Sung Hwan Heo

Korea Advanced Institute of Science and Technology , Sŏul, Seoul, South Korea

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Publications (12)26.64 Total impact

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    ABSTRACT: A vacuum-sealed miniature X-ray tube based on a carbon nanotube field-emission electron source has been demonstrated. The diameter of the X-ray tube is 10 mm; the total length of the tube is 50 mm, and no external vacuum pump is required for the operation. The maximum tube voltage reaches up to 70 kV, and the X-ray tube generates intense X-rays with the air kerma strength of 108 Gy * cm2 min1. In addition, X-rays produced from the miniature X-ray tube have a comparatively uniform spatial dose distribution.
    Nanoscale Research Letters 05/2012; 7(1):258. · 2.52 Impact Factor
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    ABSTRACT: The photoelectrochemical (PEC) responses of electron-irradiated [6,6]-phenyl-C61-butyric acid methyl ester (PCBM)/TiO2 electrodes were evaluated in a PEC cell. By coating PCBM on TiO2 nanoparticle film, the light absorption of PCBM/TiO2 electrode has expanded to the visible light region and improved the PEC responses compared to bare TiO2 electrode. The PEC responses were further improved by irradiating an electron beam on PCBM/TiO2 electrodes. Compared to non-irradiated PCBM/TiO2 electrodes, electron irradiation increased the photocurrent density and the open-circuit potential of PEC cells by approximately 90% and approximately 36%, respectively at an optimum electron irradiation condition. The PEC responses are carefully evaluated correlating with the optical and electronic properties of electron-irradiated PCBM/TiO2 electrodes.
    Nanoscale Research Letters 03/2012; 7(142). · 2.52 Impact Factor
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    ABSTRACT: Small tip-type CNT emitters with the diameter of 0.8 mm were fabricated for miniaturized X-ray tubes. The CNT emitters were prepared by dropping CNTs and silver nanoparticles on a flat surface of a W metal tip followed by annealing at 800°C for 2 h under vacuum. The CNT emitters exhibit good field emission properties with the threshold electric field of 1.15 V/μm and the field enhancement factor of 12,050. CNTs were well attached to a flat W tip surface without coating on the side plane of the tip, and thus beam divergence could be minimized. Consequently, a miniaturized X-ray tube with the inner diameter of 5 mm was successfully demonstrated using the tip-type CNT emitter.
    Journal of Nanomaterials 01/2012; 2012. · 1.55 Impact Factor
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    ABSTRACT: We present a novel design of an X-ray target to deliver uniform dose from an electronic brachytherapy system (EBS). This design comprises of a combination of both the reflection- and transmission-type target geometries. Monte-Carlo simulation code MCNP5 has been employed for the calculation of angular distribution of the X-ray intensity produced from various morphologies of X-ray targets. The simulation results reveal that the combinatorial target-assembly is promising and effective in achieving uniformity of X-ray emission over the entire space of solid angle of 4π in comparison to a transmission-type target that produces X-rays mainly in the forward direction and a reflection-type target that generates X-rays mostly in the backward direction. As a direct consequence of the uniformity of X-ray emission, the combinatorial target-assembly can impart a uniform dose distribution which makes it suitable as a target of an X-ray tube for EBS.Highlights► A novel X-ray target design is proposed. ► The target consists of a truncated conical reflection-type target and a transmission-type hemispherical cap. ► This combinatorial target assembly can produce X-rays with a good spatial uniformity over the entire solid angles.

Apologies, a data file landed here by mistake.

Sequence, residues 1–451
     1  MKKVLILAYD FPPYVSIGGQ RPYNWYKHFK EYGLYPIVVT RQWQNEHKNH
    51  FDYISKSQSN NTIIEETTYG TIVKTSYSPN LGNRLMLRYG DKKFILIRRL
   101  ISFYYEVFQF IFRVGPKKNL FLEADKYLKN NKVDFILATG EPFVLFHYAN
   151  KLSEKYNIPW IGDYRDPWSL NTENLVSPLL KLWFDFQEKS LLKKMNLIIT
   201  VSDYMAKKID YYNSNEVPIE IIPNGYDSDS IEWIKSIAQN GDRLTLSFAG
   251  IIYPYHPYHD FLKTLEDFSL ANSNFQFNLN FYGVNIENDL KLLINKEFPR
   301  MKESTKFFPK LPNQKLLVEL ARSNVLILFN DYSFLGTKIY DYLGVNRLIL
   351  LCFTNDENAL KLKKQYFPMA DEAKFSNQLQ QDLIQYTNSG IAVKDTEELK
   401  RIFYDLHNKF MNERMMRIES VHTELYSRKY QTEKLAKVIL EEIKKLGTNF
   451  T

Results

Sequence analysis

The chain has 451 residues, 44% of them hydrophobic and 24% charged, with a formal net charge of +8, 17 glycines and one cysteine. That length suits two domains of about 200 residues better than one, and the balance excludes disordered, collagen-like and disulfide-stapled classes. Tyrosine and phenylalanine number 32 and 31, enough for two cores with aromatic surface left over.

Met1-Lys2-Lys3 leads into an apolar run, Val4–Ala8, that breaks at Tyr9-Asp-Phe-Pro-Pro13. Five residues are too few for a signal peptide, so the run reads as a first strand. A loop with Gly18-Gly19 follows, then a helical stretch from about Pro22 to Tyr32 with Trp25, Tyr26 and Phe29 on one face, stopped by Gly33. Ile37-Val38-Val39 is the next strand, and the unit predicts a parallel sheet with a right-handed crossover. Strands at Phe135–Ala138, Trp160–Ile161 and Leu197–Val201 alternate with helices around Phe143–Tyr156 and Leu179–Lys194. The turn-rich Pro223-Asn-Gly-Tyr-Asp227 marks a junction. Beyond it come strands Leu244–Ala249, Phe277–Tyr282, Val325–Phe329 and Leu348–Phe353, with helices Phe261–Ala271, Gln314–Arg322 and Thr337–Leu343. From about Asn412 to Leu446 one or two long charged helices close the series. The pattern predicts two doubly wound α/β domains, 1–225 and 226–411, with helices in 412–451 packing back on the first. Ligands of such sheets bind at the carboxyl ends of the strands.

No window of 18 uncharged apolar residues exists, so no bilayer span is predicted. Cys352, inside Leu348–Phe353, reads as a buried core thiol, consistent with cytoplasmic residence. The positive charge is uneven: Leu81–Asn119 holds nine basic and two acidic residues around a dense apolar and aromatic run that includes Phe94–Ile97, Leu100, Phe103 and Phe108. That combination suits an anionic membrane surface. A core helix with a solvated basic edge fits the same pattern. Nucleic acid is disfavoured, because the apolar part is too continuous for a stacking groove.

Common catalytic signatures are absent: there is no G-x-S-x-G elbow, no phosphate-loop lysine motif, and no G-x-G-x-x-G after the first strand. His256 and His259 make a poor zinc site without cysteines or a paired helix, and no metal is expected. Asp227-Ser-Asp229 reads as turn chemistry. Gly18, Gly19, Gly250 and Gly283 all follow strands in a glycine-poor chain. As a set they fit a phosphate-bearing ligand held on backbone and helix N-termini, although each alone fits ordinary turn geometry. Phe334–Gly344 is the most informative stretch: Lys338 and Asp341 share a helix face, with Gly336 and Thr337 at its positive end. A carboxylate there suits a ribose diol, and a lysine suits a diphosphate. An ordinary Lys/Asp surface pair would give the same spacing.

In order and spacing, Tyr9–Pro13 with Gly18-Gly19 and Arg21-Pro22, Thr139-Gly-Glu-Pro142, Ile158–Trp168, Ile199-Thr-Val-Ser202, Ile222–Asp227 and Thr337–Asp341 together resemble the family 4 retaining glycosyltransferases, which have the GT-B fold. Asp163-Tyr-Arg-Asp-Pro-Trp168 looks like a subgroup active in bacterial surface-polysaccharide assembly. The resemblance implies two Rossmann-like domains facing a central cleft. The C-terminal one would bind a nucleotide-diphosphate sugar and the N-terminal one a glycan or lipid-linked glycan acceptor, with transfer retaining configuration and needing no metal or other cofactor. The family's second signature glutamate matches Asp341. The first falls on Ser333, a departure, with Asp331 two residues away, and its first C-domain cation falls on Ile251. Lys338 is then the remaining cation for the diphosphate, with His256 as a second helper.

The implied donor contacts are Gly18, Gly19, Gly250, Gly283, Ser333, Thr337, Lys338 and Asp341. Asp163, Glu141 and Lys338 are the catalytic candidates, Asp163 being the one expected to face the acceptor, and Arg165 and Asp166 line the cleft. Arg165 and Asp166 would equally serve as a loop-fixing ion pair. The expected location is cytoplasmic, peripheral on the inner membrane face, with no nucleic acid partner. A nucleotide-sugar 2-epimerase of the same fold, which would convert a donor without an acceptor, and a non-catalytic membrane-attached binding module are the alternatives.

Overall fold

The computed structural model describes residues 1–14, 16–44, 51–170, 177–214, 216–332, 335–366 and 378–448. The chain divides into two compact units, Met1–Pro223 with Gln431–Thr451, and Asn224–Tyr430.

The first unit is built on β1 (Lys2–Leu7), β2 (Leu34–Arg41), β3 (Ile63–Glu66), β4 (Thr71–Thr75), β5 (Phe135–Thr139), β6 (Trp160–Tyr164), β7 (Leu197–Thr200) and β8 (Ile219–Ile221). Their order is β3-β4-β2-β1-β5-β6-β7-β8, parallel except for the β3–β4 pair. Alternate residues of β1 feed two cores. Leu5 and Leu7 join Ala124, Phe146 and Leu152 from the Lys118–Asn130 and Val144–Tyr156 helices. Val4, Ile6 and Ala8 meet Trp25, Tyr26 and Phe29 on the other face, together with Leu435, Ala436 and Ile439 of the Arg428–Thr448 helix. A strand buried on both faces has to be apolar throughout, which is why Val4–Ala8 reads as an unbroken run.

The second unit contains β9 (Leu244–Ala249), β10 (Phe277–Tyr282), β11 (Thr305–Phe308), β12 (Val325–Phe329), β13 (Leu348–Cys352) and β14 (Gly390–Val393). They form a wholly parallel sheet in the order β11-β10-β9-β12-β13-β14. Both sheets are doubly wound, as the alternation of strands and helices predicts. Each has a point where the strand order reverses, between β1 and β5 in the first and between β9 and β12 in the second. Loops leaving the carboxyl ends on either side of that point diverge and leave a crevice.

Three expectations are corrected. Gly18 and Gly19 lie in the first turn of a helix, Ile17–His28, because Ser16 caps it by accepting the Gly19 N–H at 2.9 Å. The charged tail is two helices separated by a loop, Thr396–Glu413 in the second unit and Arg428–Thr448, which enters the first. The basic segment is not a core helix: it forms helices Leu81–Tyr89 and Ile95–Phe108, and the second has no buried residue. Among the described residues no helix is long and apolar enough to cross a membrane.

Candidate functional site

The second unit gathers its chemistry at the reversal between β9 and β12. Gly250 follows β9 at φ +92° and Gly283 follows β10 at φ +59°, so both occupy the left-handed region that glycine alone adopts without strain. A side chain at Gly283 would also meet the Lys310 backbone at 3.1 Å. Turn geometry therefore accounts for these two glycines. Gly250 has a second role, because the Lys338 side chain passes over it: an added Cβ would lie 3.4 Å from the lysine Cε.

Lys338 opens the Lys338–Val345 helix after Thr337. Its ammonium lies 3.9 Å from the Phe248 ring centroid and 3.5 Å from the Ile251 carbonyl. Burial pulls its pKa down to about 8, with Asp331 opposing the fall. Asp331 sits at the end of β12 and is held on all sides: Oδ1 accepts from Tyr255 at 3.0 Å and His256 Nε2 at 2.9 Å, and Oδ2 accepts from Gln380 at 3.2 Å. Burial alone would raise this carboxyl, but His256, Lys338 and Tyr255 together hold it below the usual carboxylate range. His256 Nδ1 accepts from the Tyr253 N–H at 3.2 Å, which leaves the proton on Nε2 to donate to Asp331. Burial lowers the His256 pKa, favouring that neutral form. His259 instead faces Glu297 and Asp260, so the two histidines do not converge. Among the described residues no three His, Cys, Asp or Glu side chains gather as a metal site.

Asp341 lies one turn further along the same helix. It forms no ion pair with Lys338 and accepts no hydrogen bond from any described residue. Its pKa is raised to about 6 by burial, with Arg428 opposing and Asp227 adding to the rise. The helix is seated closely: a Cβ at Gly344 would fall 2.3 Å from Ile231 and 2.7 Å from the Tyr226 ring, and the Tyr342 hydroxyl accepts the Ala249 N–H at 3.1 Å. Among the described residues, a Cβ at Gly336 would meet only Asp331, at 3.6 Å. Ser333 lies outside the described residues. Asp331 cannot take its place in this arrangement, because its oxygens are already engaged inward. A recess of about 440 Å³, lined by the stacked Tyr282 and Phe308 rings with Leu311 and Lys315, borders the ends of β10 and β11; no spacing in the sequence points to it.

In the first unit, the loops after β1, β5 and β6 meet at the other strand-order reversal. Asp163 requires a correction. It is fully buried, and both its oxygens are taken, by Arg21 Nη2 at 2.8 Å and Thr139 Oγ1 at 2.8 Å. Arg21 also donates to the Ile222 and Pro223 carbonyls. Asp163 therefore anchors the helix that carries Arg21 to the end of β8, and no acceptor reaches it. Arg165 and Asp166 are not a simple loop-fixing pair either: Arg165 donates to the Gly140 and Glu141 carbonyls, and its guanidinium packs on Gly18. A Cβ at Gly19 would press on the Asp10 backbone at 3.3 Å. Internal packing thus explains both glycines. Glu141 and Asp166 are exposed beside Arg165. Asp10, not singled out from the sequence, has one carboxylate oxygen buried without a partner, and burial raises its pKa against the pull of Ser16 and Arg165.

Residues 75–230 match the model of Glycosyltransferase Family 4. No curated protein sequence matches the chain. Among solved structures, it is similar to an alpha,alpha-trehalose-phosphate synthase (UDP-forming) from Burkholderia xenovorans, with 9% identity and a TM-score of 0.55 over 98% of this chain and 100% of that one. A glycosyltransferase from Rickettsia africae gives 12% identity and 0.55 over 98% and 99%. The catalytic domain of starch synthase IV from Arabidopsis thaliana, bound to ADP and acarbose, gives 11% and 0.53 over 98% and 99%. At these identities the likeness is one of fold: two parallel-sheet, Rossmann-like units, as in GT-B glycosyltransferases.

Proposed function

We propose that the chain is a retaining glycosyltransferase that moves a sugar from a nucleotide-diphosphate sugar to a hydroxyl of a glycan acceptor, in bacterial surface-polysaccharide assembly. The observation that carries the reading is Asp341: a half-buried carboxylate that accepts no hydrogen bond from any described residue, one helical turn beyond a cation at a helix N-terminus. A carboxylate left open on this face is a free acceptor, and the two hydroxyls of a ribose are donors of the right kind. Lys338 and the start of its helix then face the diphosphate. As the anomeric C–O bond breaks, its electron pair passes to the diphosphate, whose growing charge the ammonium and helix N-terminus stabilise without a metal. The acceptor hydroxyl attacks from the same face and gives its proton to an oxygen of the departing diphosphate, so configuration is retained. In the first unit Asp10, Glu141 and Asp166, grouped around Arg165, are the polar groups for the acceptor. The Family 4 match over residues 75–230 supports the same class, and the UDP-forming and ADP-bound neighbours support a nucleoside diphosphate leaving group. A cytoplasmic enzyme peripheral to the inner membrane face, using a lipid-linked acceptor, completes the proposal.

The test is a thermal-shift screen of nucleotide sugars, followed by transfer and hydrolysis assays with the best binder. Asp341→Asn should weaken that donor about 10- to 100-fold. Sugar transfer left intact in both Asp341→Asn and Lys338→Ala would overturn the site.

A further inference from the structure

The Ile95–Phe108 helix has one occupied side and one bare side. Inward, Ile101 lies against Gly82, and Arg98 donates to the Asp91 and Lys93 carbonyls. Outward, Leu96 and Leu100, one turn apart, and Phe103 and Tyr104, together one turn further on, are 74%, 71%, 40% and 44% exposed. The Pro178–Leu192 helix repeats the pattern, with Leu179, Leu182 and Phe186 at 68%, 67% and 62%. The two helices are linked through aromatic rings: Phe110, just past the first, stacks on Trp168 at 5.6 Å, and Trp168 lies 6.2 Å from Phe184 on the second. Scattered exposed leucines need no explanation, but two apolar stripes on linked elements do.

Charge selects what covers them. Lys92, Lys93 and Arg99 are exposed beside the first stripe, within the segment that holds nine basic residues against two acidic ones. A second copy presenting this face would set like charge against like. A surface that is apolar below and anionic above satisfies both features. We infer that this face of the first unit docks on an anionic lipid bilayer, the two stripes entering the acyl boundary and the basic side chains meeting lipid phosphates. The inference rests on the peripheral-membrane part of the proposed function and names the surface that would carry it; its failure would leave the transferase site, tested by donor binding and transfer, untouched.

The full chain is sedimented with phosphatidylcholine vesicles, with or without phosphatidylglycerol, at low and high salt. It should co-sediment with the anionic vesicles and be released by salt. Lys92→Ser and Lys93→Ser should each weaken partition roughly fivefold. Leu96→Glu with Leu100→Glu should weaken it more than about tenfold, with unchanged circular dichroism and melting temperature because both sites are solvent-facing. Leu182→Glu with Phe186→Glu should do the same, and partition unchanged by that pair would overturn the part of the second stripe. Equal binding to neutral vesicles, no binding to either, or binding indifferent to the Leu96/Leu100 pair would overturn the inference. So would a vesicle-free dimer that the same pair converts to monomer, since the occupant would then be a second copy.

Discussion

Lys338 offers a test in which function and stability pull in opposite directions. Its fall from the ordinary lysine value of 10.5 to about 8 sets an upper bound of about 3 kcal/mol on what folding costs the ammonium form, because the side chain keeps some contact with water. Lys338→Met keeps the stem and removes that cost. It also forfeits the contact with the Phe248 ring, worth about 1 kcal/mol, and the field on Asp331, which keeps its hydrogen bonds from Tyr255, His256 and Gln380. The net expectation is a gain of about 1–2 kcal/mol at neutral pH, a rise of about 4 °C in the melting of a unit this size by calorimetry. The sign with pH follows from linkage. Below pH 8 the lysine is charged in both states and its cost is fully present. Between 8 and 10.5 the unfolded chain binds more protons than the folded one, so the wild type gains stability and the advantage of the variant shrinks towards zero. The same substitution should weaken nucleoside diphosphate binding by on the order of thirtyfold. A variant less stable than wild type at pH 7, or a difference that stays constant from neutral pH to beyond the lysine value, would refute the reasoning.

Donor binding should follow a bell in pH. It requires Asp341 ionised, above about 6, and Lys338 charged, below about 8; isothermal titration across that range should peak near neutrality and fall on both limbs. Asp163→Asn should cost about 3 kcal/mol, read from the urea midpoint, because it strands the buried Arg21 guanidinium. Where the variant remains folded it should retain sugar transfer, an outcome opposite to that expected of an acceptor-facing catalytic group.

Nuclear Instruments and Methods in Physics Research Section B Beam Interactions with Materials and Atoms 01/2011; 269(10):1053-1057. · 1.19 Impact Factor
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    ABSTRACT: We present the synthesis and visible-light-induced catalytic activity of Ag(2)S-coupled TiO(2) nanoparticles (NPs) and TiO(2) nanowires (NWs). Through a simple wet chemical process from a mixture of peroxo titanic acid (PTA) solution, thiourea and AgAc, a composite of Ag(2)S NPs and TiO(2) NPs with sizes of less than 7 nm was formed. When the NP composite was further treated with NaOH solution followed by annealing at ambient conditions, a new nanocomposite material comprising Ag(2)S NPs on TiO(2) NWs was created. Due to the coupling with such a low bandgap material as Ag(2)S, the TiO(2) nanocomposites could have a visible-light absorption capability much higher than that of pure TiO(2). As a result, the synthesized Ag(2)S/TiO(2) nanocomposites exhibited much higher catalytic efficiency for the decomposition of methyl orange than commercial TiO(2) (Degussa P25, Germany) under visible light.
    Nanotechnology 01/2010; 21(1):015703. · 3.84 Impact Factor
  • Aamir Ihsan, Sung Hwan Heo, Sung Oh Cho
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    ABSTRACT: We present a novel concept to develop a microfocus X-ray tube based on a microstructured X-ray target that is irradiated with a nonfocused electron beam. X-ray emissions from the microstructured targets with various morphologies were studied using Monte-Carlo simulation code MCNP5. The calculations revealed that the microstructured targets are quite capable of minimizing the effective X-ray spot size compared with those of conventional transmission-type X-ray targets. Based on the simulation results of X-ray brightness, optimum geometric parameters were derived for the microstructured targets with different morphologies. Moreover, the stability of the microstructured target against heat loads delivered by an electron beam was also investigated under both the continuous and pulsed operation modes. From the analysis, the limitations of the maximum allowable electron beam currents for the stable operation of the X-ray targets are presented. The combination of the microstructured targets and nonfocused electron beam allows the miniaturization of a microfocus X-ray tube by eliminating the needs for massive and complex focusing devices.